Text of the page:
Beneath Fort Canning, about nine metres below ground, are two underground unreinforced concrete tanks that store treated water ready for drinking.
Although the Fort Canning Service Reservoir is inaccessible to public, Minister for Sustainability and the Environment Grace Fu, Prime Minister Lee Hsien Loong and his wife Ho Ching took a behind-the-scenes look on Dec. 15.
Stores drinking water
Unlike catchment reservoirs like MacRitchie and Jurong Lake that collect rainwater, service reservoirs receive and store treated, potable water from the waterworks, according to PUB.
Fort Canning Service Reservoir is one of Singapore’s oldest functioning service reservoirs, built by the British in 1929 to meet the increased water demand in the city centre.
With the exception of a break during the war years when it was damaged, the reservoir has been serving Singapore for 92 years.
According to Roots.sg, it was built on the site of the former artillery barracks and parade ground, which was torn down due to lack of use.
Roof resembles a giant honeycomb
The service reservoir is made up of 264 enormous hexagonal domes laid side by side, spanning an area of over seven acres underground (about 2.8 hectares).
With a 37-feet-tall honeycomb-shaped roof (about 11.3 metres), supported by uniquely hexagonal concrete columns, the reservoir is reminiscent of an ancient European architecture.
The reservoir was built using unreinforced concrete.
The choice was economical, and also practical for the structure to withstand the high stress exerted by water pressure.
Supplies water to CBD
Before the Fort Canning Service Reservoir was built, Singapore’s reserve supply could only provide the population with half a day’s water consumption.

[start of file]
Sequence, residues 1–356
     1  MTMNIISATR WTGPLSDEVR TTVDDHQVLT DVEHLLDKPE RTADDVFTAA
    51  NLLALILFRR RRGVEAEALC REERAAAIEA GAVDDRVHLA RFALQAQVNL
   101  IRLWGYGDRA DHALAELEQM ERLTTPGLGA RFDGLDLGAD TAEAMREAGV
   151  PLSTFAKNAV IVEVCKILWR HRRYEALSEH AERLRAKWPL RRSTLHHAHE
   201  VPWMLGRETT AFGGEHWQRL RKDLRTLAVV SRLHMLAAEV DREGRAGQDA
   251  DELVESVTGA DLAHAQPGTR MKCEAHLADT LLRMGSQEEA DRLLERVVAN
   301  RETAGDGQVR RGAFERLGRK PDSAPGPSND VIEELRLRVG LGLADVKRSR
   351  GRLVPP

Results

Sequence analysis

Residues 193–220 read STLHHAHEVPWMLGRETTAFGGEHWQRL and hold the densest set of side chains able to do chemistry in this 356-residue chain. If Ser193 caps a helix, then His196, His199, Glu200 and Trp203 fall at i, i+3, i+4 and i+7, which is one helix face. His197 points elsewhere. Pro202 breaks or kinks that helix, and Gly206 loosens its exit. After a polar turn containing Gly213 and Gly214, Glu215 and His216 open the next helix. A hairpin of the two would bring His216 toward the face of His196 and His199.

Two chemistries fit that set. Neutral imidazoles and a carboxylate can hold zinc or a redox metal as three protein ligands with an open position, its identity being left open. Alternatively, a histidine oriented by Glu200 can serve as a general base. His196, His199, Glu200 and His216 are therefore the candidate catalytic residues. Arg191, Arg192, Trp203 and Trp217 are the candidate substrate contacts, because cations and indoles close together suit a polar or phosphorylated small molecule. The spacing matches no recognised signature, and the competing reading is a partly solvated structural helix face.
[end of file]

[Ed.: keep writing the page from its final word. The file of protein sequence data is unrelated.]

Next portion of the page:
The reservoir expanded this capacity to two days of water supply.
Today, it continues to play an important role in managing Singapore’s water supply and ensuring that Singapore has enough water to meet its needs.
It supplies clean drinking water to city areas such as the Central Business District, Marina Bay, as well as areas like Bugis, Lavender and Boon Keng, together with Pearl’s Hill Service Reservoir.
The service reservoir primarily collects water from Murnane Service Reservoir, Woodleigh Waterworks and water boosted through Bukit Timah Waterworks.
The reservoir is usually submerged in water and it is emptied out once every decade for physical inspection.
Fu said that the reservoir was found to be in good working condition during the visit.
In his Facebook post, PM Lee reminded Singaporeans about the importance of using water mindfully.
"Water is a vital resource for Singapore. Climate change may well affect the reliability of our rainfall, we must do our best to conserve water and use it responsibly," he wrote.Learn more about the reservoir here:https://mothership.sg/2020/09/keppel-hill-reservoir-japanese-tomb/
Top images by Roots.sg and Lee Hsien Loong/FB.